And I’m sure that some of this has to do with the success of some of the captive breeding programs. Restoring condors to the wild here in the Southwest has been much more successful than people expected, so there’s now some belief that we ought to be able to do it for other species. Forget that condors suffered from a couple of specific problems (DDT and lead shot) that were much easier to tackle than the habitat destruction that’s facing the worst endangered species, or that their continued survival is still very much in question. I just hope people are willing to understand when other species can’t be brought back as successfully as condors have been.

  3. 3
    Yutsano says:

    @Roger Moore: There will be species that will go extinct by virtue of climate change, which it seems the best we can do with that now is mitigate the damage. Those will be the remainders who end up in zoos all over the world and we will never be able to restore wild populations. It is also true that captive breeding programs can still fail, not because of animals not being produced but because in many species behaviour is learned and humans end up not being able to teach those survival lessons. Biodiversity is a very tricky business.

  4. 4
    Roger Moore says:


    There will be species that will go extinct by virtue of climate change, which it seems the best we can do with that now is mitigate the damage.

    But climate change is just one example of the larger issue of habitat destruction. There are a lot of species that are going to go extinct because they live in forests that we cut down for timber or to clear the land for farming. There are species that will go extinct because they live on prairies that we turned into farmland or cities. Humans are demanding more and more of the world’s resources, which leaves less and less for the wild species we share the planet with. The only way around that problem is to use less, but that’s not the direction we’re headed right now.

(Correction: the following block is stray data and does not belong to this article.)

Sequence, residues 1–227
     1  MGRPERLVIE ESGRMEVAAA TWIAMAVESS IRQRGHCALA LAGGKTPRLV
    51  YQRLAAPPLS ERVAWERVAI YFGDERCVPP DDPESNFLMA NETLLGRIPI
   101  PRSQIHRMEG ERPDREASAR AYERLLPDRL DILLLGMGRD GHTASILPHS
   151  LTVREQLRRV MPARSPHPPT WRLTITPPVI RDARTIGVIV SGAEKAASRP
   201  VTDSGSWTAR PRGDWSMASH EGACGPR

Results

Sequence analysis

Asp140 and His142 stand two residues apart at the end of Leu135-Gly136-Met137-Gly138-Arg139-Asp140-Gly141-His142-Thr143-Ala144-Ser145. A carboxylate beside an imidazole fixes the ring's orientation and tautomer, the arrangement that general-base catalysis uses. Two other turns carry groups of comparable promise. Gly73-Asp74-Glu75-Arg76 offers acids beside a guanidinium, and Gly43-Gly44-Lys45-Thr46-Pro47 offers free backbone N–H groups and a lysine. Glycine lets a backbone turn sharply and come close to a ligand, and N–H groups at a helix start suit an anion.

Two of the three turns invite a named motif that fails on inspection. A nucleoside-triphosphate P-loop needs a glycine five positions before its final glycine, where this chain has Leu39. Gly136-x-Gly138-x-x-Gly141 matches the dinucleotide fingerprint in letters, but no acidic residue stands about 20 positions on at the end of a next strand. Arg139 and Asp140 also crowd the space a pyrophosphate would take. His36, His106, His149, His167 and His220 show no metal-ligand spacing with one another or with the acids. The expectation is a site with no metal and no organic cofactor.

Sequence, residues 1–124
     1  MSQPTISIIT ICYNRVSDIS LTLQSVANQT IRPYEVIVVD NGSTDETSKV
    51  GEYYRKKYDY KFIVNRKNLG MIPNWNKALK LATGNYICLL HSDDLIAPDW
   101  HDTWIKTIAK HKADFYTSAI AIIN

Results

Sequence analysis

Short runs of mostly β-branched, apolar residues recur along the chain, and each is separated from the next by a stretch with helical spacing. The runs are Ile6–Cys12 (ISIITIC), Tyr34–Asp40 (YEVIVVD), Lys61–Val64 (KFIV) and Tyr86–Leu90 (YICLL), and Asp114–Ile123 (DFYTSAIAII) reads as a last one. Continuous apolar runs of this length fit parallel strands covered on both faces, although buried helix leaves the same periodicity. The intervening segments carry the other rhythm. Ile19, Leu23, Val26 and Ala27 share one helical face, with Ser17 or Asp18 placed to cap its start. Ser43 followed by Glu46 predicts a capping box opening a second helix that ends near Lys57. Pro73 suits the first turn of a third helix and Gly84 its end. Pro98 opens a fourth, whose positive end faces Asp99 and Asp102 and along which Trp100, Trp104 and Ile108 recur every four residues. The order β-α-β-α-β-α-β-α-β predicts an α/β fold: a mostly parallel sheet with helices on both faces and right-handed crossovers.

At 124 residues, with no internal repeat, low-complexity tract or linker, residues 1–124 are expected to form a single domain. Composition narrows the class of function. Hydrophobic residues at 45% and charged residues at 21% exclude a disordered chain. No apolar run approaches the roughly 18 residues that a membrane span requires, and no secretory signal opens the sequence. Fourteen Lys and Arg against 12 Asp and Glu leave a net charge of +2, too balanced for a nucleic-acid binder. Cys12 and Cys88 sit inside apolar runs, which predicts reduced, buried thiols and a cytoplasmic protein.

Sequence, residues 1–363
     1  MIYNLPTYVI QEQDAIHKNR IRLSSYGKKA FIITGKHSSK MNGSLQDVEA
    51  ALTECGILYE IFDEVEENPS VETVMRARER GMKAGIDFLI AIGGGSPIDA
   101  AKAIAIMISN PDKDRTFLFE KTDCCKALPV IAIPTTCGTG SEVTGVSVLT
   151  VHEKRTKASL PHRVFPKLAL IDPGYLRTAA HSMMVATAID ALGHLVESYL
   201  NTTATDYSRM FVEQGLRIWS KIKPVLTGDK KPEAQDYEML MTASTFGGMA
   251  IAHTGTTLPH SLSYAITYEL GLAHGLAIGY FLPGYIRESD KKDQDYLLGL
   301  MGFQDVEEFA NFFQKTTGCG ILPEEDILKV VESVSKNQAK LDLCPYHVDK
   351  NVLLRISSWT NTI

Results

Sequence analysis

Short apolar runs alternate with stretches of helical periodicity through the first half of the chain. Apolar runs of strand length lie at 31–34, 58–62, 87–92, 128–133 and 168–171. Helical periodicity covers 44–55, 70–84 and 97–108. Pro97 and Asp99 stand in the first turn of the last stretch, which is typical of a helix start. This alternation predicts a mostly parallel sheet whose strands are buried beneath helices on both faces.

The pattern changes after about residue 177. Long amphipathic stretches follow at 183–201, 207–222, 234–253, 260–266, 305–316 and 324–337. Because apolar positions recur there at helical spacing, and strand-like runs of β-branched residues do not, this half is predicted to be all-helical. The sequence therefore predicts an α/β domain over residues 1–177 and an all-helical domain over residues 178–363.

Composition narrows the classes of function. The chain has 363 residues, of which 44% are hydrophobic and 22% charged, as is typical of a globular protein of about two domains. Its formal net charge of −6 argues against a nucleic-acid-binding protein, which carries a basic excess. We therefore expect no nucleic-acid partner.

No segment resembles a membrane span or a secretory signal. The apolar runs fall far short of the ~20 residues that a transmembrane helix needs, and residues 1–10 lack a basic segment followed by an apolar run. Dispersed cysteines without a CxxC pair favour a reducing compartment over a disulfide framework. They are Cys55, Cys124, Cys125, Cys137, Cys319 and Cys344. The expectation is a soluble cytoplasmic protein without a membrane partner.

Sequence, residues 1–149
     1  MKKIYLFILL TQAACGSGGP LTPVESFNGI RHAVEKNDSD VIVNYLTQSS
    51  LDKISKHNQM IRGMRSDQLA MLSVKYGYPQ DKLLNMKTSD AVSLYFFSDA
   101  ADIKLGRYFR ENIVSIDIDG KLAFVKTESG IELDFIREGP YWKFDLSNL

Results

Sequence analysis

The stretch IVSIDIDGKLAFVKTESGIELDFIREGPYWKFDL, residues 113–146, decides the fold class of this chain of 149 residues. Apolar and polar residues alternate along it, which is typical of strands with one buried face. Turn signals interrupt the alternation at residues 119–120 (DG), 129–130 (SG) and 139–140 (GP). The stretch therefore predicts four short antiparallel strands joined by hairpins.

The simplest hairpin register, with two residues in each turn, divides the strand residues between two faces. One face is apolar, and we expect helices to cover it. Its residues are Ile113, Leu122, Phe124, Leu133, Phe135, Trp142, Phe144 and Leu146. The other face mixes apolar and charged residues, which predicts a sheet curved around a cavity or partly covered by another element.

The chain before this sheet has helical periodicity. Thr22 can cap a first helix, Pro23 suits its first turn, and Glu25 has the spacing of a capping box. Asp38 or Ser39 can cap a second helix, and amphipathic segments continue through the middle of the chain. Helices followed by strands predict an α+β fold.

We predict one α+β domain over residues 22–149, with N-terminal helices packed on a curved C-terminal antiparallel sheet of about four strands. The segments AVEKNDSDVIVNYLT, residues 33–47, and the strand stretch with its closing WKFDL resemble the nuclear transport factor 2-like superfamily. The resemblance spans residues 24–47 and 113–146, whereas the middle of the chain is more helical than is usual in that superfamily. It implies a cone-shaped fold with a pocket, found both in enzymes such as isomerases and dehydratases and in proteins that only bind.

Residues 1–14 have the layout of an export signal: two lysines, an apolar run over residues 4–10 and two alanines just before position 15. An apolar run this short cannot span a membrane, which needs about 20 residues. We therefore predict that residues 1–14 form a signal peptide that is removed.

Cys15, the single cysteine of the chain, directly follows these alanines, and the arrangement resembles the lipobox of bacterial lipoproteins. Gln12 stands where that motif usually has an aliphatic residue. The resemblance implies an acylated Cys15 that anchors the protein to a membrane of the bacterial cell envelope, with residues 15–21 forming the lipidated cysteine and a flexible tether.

5. 5

    I’m sure Freddie will be along any minute to lecture you all on the obscenity of focusing on individual species while the conservatives are targeting unions.

  6. 6
    hilzoy says:

    That said, in a number of cases zoo-based conservation programs don’t work well, as I understand it. Animals that need not just the right genes, but also something like culture — things that they learn from their parents or packmates or whoever about how to be a successful animal of their kind, often don’t work, since captive animals have often unlearned all that stuff, and the line of transmission is damaged or broken.

  7. 7
    Nicole says:

    I’m a big fan of (AZA accredited) zoos, because I think they do a lot not only in breeding programs, but also in giving people who do not have the economic means to travel a chance to have an emotional reaction to an animal in a way that they just can’t via television. And, one hopes, making an emotional connection to seeing a real, live animal, will, in some people at least, lead to an interest in protecting the animal’s wild brethren.

    But I don’t think elephants should be kept at zoos. Most animals can have a decent quality of life in a good, well-run zoo, but not elephants. Too complicated a social structure to replicate in captivity. In my opinion, anyway.